This extremely rare bike was one of Honda's pre-production machines made especially for the Honda dealer show in Las Vegas in 1968.
Four hand-built machines were shipped to the US, of which one was scrapped, one is in pieces in Europe, and one has disappeared, leaving this one the only example available for collectors.
Needless to say, the price also reflected the exceptional restoration that Vic performed. Congratulations Vic, you deserve it.
One of the earliest forms of motorcycle competition was board track racing on the velodromes. Originally designed for cycle racing, the velodromes were circle tracks with typically a wooden surface that gave spectators a chance to see the racers for the entire lap.
As motorcycles began to take over the two-wheeled market, the velodromes were seen as a perfect place for manufacturers to showcase their machines, and so board track racing was born.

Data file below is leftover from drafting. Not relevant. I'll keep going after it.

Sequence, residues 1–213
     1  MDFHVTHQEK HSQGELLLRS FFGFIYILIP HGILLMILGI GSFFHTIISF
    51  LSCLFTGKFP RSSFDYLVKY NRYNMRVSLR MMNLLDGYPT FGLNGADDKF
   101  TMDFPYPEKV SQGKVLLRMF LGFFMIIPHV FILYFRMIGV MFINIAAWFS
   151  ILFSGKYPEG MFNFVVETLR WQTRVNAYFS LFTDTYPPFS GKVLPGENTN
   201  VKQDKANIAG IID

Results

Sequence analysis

Today, vintage and classic motorcycle enthusiasts can again see these incredible board track racers in action at various venues in the states such as Wauseon in Ohio (July 18) and Davenport Iowa (August 28).
The Honda Canada Riders Association Club's restoration of a Honda Gold Wing is coming along fast. In this third instalment of articles covering the restoration, the project is nearing completion, but it has not been without a few challenges!
The good news is that the bike is looking as good as new (or even better). With modern technology supplying better finishes, the bike is fast approaching show condition.
The first time I saw a Zundapp motorcycle was the day someone donated an old 175-cc model to our high school in England. Our very eccentric science teacher agreed to collect the bike; however, he could only carry it on the roof rack of his car.
All went well until on the way back to the school a truck pulled out in front of us at a junction. The Zundapp momentarily became an airplane and promptly flew off the car's roof and under the truck.
It was a minute or more before we realized why the truck driver was frantically looking all around his truck, the bike and the nearby ditch: he was looking for the bike's rider. The poor man thought he had run over the rider!
Although the little Zundapp got off to a bad start with our high school, it was still running and being mechaniced on some three years later when I graduated, proving what a strong well designed machine they were.